<div id="29ad9" class="rm-shortcode" data-rm-shortcode-id="8346fe7350e1371d400097cd48bf45a2"><blockquote class="twitter-tweet twitter-custom-tweet" data-twitter-tweet-id="1306969603180879872" data-partner="rebelmouse"><div style="margin:1em 0">Drought-parched wetlands in South America have been burning for weeks. https://t.co/pjAKdFcKPg #Pantanal https://t.co/ImN2C5vwcp</div> — NASA Earth (@NASA Earth)<a href="https://twitter.com/NASAEarth/statuses/1306969603180879872">1600440810.0</a></blockquote></div><p>As evidenced by Australia's apocalyptic Black Summer of 2019-2020, fires are burning bigger and for longer, with new records set year-on-year. Right now, Brazil's vast and highly biodiverse Pantanal wetlands are suffering from catastrophic fires.</p>
#climatefires Started in Australia<p>Governor Inslee this month invoked the phrase climate fires for arguably the first time in the U.S., according to Ricketts.</p><p>But the term was also used as fires burnt out of control in Australia in late 2019. In the face of a 2000km (more than 1,200 miles) fire front, and government officials and media who <a href="https://www.dw.com/en/trump-climate-change-denial-emissions-environment-germany-fake-heartland-seibt/a-52688933" target="_blank">played down the link to climate change</a>, Greens Party Senator Sarah Hanson-Young and a friend decided that reference to bushfires was inadequate. </p><p>"We both just said, we've got to start calling them climate fires, that's what they are," the Australian Senator told DW.</p><p>Hanson-Young says scientists have been warning for decades that these would be the effects of global heating. "We've been told these kinds of extreme weather events and destruction is what climate change would look like, and it's right here on our doorstep," she said from her home state of South Australia — where by early September fire warnings had already been issued.</p><p>"Calling them climate fires was making it absolutely crystal clear. It is essential that there's no ambiguity," she said </p><p>Having deliberately invoked the term, Hanson-Young soon started to push it on social media via a #climatefires hashtag. </p>
How to Talk About the Urgency of Global Heating<p>The need to use more explicit language when talking about extreme weather events linked to climate change is part of a broader push to express the urgency of global heating. In 2019, activist Greta Thunberg tweeted that the term "climate change" did not reflect the seriousness of the situation. </p><p>"Can we all now please stop saying 'climate change' and instead call it what it is: climate breakdown, climate crisis, climate emergency, ecological breakdown, ecological crisis and ecological emergency?" she wrote. </p><p>"Climate change has for a long time been talked about as something that is a danger in the future," said Hansen-Young. "But the consequences are already here. When people hear the word crisis, they understand that something has to happen, that action has to be taken."</p><p><span></span>Some terms are now used in public policy, with state and national governments, and indeed the EU Parliament, declaring an official climate emergency in the last year. </p>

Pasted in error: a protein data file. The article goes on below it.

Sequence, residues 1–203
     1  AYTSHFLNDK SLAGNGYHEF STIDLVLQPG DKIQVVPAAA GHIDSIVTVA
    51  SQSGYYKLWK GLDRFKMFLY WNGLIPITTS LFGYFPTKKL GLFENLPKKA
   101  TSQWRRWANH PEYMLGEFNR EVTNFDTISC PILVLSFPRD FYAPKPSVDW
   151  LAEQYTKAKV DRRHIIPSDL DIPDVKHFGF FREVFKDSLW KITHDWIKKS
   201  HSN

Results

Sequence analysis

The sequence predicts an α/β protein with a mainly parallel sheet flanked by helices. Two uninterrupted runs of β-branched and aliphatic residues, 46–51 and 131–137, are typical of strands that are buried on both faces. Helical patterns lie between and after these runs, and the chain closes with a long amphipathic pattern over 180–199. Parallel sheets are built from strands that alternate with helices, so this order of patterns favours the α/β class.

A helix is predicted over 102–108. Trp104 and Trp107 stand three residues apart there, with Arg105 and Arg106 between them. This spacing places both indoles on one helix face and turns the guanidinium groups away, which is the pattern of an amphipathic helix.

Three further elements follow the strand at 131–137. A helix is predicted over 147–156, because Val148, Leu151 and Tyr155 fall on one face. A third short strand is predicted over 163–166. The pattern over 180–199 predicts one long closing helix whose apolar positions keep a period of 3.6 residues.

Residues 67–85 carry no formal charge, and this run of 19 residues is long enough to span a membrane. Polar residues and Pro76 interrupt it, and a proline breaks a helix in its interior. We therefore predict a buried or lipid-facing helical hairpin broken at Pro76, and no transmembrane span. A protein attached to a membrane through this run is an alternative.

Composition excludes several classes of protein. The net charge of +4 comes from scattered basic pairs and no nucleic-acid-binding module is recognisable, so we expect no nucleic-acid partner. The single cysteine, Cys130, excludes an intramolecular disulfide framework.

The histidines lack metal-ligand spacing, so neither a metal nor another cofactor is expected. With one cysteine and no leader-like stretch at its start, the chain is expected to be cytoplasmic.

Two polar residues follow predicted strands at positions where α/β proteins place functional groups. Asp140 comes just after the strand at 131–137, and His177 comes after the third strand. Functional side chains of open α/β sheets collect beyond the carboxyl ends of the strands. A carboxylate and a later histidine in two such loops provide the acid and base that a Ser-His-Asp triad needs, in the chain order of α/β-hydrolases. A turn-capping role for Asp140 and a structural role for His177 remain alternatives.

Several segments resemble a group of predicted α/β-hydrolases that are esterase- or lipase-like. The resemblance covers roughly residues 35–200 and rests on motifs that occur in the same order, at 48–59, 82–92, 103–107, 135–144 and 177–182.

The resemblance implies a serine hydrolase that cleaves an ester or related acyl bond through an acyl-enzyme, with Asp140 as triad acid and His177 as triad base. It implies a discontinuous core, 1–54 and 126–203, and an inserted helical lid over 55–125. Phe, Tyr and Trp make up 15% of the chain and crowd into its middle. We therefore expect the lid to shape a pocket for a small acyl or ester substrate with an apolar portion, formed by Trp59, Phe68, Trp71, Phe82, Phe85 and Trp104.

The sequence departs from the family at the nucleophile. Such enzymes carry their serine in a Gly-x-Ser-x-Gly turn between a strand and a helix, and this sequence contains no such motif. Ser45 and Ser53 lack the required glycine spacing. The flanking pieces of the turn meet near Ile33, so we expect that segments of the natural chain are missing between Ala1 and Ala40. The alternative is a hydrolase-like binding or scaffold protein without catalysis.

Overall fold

Words That Reflect the Science<p>But while the West Coast governors all fervently link the fires to an unfolding climate crisis, U.S. President Donald Trump continues to avoid any reference to climate. In a briefing about the fires, he responded to overtures by Wade Crowfoot, California's Natural Resources Secretary, to work with the states on the climate crisis by stating: "It'll start getting cooler. You just watch." Crowfoot replied by saying that scientists disagreed. Trump rejoined with "I don't think science knows, actually." </p><p>It was reminiscent of the anti-science approach to the coronavirus pandemic within the Trump administration, <a href="https://www.dw.com/en/donald-trump-admits-playing-down-coronavirus-risks/a-54874350" target="_blank" rel="noopener noreferrer">at least publicly</a>. Fossil fuel companies are also benefiting from his disavowal of climate science, with the Trump administration having <a href="https://www.dw.com/en/opinion-trumps-paris-climate-accord-exit-isnt-really-a-problem/a-51124958" target="_blank" rel="noopener noreferrer">pulled out of the Paris Agreement</a> and reopened fossil fuel infrastructure like the Keystone XL pipeline. </p><p>But the science community has responded, with Scientific American magazine endorsing Trump's Democratic presidential challenger Joe Biden, the first presidential endorsement in its 175-year history. </p><p>Hanson-Young says the use of explicit language like climate fires has also been important in Australia due to the climate denialism of politicians and the press, especially in publications owned by Rupert Murdoch. As fires burnt out much of Australia's southeast coast, they were commonly blamed on arson — a tactic also recently used in the U.S.</p>
Climate Rhetoric Could Help Decide Election<p>The language of climate has begun to influence the U.S. presidential election campaign, with Democratic nominee Joe Biden labelling President Trump a "climate arsonist."</p><p>Biden is touting a robust climate plan that includes a 2050 zero emissions target and a return to the Paris Agreement. Though lacking the ambition of The New Green Deal, it has been front and center of his policy platform in recent days, at a time when five hurricanes are battering the U.S. Gulf Coast while smoke blanketing the West Coast spreads all the way to the East. </p><p>People are experiencing the climate crisis in a visceral way and almost universally relate to the language of an emergency, says Ricketts. "They know something is wrong."</p>
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World's Richest One Percent Are Producing More Than Double the Carbon Emissions as the Bottom 50 Percent
A new report from Oxfam found that the wealthiest one percent of the world produced a carbon footprint that was more than double that of the bottom 50 percent of the world, The Guardian reported. The study examined 25 years of carbon dioxide emissions and wealth inequality from 1990 to 2015.